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post #11 of 30 Old 12-09-2012
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Re: Researching spinnakers

I have to agree with James.. we've flown symmetrical spinnakers for decades, and maybe that's a factor, but we've found that with a recently acquired asymm, we only use it on reaches that are likely to be a fetch.

For deeper sailing and, for us, EASE of gybing we go with the symmetrical every time.

I find that gybing the symm is much easier on the sail, as it seems one is always dragging sailcloth around the rig, and often through an inversion to gybe an Asymm. Doing an outside gybe in a breeze is a bit better, but then there's the risk of sailing over the lazy sheet if you're a bit inattentive...

With the two of us, and "Otto" steering a 20 degree (via remote) course change through the gybe I handle the pole while my wife handles the lines from the cockpit.

The only advantage of 'starting' with an asymm would be the reduced cost overall....

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post #12 of 30 Old 12-09-2012
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Re: Researching spinnakers

Not going to argue for asyms, to each their own.

However, for the OP, its is important to note that not all asyms are alike. Those that will drive on the deepest reach, won't fly on the beam and vice versa.

Yes, ultimately the asym set up is much cheaper, which also works for me. I so rarely feel the need for a spinnaker at all. I haven't even sprung for one this boat yet. Of course, I did price one up and at $6k for the sail alone, I'm still pondering.


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post #13 of 30 Old 12-09-2012
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Re: Researching spinnakers

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Not going to argue for asyms, to each their own.

However, for the OP, its is important to note that not all asyms are alike. Those that will drive on the deepest reach, won't fly on the beam and vice versa.

Yes, ultimately the asym set up is much cheaper, which also works for me. I so rarely feel the need for a spinnaker at all. I haven't even sprung for one this boat yet. Of course, I did price one up and at $6k for the sail alone, I'm still pondering.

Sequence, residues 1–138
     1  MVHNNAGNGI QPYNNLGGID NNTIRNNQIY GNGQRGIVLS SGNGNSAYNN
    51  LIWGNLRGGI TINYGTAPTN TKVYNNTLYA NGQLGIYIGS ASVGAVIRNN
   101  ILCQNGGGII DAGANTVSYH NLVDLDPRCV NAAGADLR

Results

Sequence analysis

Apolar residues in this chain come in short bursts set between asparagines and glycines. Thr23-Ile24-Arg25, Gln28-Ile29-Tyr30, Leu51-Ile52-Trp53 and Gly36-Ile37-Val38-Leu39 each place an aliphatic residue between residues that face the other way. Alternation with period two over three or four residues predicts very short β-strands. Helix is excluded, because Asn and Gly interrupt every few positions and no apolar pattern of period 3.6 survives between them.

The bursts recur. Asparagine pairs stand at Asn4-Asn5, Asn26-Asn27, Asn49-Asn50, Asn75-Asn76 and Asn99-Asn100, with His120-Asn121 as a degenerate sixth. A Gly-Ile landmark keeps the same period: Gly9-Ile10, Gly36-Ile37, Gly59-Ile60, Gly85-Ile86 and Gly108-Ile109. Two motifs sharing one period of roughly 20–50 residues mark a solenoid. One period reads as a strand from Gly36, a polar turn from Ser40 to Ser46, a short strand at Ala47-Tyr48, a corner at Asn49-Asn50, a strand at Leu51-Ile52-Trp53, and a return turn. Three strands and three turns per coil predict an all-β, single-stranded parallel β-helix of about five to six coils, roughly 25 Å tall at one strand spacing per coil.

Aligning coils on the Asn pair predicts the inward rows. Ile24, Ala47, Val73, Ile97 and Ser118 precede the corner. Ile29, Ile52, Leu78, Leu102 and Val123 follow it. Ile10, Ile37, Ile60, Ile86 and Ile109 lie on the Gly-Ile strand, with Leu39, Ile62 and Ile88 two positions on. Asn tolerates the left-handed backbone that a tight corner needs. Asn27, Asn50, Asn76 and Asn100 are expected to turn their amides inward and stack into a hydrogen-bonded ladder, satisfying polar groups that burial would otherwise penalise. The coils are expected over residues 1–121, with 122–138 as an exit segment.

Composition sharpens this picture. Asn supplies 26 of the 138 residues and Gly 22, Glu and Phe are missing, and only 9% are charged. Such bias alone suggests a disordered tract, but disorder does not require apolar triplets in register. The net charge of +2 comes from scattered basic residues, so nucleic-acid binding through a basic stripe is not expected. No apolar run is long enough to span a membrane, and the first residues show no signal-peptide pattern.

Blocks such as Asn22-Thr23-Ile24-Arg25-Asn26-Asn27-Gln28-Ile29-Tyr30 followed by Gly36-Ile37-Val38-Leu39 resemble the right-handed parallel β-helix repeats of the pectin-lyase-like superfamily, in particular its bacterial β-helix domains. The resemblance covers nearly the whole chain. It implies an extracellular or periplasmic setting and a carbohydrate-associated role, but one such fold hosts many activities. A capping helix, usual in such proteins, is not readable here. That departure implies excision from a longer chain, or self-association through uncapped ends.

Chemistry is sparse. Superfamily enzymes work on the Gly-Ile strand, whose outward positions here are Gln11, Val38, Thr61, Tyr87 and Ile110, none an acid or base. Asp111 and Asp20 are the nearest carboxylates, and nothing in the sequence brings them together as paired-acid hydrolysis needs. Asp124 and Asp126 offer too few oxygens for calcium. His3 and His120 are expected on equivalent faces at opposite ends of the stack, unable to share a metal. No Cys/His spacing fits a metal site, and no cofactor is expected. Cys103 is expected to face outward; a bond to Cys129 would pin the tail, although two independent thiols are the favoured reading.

All true.. and on larger boats the cost does get up there in a hurry.

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post #14 of 30 Old 12-11-2012 Thread Starter
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Re: Researching spinnakers

So can one raise a symmetrical spinnaker sailing solo? I sail with him some times and will help when I am with him; however, he sails solo as well. I would want to buy him something that he would be able to use solo, if possible.

Yes. I think he likes the gifts I buy him. I'm quite certain I never bought him a tie. A fly tying kit, maybe....
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post #15 of 30 Old 12-11-2012
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Re: Researching spinnakers

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So can one raise a symmetrical spinnaker sailing solo? I sail with him some times and will help when I am with him; however, he sails solo as well. I would want to buy him something that he would be able to use solo, if possible....
Some can, most wouldn't, so it depends on him. It would be more manageable on a 23ft boat, but still a real PITA. If he sails solo now, then an Asym is virtually no different.


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post #16 of 30 Old 12-11-2012
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Re: Researching spinnakers

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So can one raise a symmetrical spinnaker sailing solo?
Yes, I do frequently, and your husband probably will, provided he enjoys challenges (or has three arms):
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Re: Researching spinnakers

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Yes, I do frequently, and your husband probably will, provided he enjoys challenges
Got one of raising it, dousing or gybing?


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post #18 of 30 Old 12-11-2012
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Re: Researching spinnakers

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Got one of raising it, dousing or gybing?
Of course not, no one to hold the camera.

I've flown a chute solo before without an autopilot. It's almost impossible to do on my 25 footer. My boat doesn't track very well (at all) downwind and can get squirrely pretty quick in breeze.

If you think he'll fly it solo, ask the sailmaker about getting a takedown line sewn onto the spinnaker. On small boats with small kites, this makes it very easy to douse.

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post #19 of 30 Old 12-11-2012
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Re: Researching spinnakers

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Of course not, no one to hold the camera.
It was a trick question.

Still, wouldn't you love to see someone raise/douse/gybe it alone, while another films, especially without an autopilot? It would be like a cliff hanger. Then, lets see a huge puff shifting to a broad reach and it will become like a horror film. Then, as they finally recover, douse it all back into its bag and are left weeping in the cockpit, it would be a chick flick. We have a real winner to appeal to all audiences.


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post #20 of 30 Old 12-11-2012
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